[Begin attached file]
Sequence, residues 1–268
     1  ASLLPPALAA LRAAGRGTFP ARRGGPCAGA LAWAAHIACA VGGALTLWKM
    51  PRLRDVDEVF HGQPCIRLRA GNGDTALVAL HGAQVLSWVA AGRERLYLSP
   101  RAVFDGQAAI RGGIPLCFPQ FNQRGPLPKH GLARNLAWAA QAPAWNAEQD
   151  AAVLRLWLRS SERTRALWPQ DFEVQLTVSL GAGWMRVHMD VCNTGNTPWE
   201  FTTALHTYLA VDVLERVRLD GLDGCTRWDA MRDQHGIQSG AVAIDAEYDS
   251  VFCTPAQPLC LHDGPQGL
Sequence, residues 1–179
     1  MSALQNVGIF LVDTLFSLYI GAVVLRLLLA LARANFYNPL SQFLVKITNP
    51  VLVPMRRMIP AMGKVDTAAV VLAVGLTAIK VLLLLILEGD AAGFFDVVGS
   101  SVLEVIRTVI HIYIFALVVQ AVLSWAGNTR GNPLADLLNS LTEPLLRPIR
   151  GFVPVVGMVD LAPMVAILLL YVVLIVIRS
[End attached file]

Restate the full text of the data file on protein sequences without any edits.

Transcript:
Sequence, residues 1–268
     1  ASLLPPALAA LRAAGRGTFP ARRGGPCAGA LAWAAHIACA VGGALTLWKM
    51  PRLRDVDEVF HGQPCIRLRA GNGDTALVAL HGAQVLSWVA AGRERLYLSP
   101  RAVFDGQAAI RGGIPLCFPQ FNQRGPLPKH GLARNLAWAA QAPAWNAEQD
   151  AAVLRLWLRS SERTRALWPQ DFEVQLTVSL GAGWMRVHMD VCNTGNTPWE
   201  FTTALHTYLA VDVLERVRLD GLDGCTRWDA MRDQHGIQSG AVAIDAEYDS
   251  VFCTPAQPLC LHDGPQGL
Sequence, residues 1–179
     1  MSALQNVGIF LVDTLFSLYI GAVVLRLLLA LARANFYNPL SQFLVKITNP
    51  VLVPMRRMIP AMGKVDTAAV VLAVGLTAIK VLLLLILEGD AAGFFDVVGS
   101  SVLEVIRTVI HIYIFALVVQ AVLSWAGNTR GNPLADLLNS LTEPLLRPIR
   151  GFVPVVGMVD LAPMVAILLL YVVLIVIRS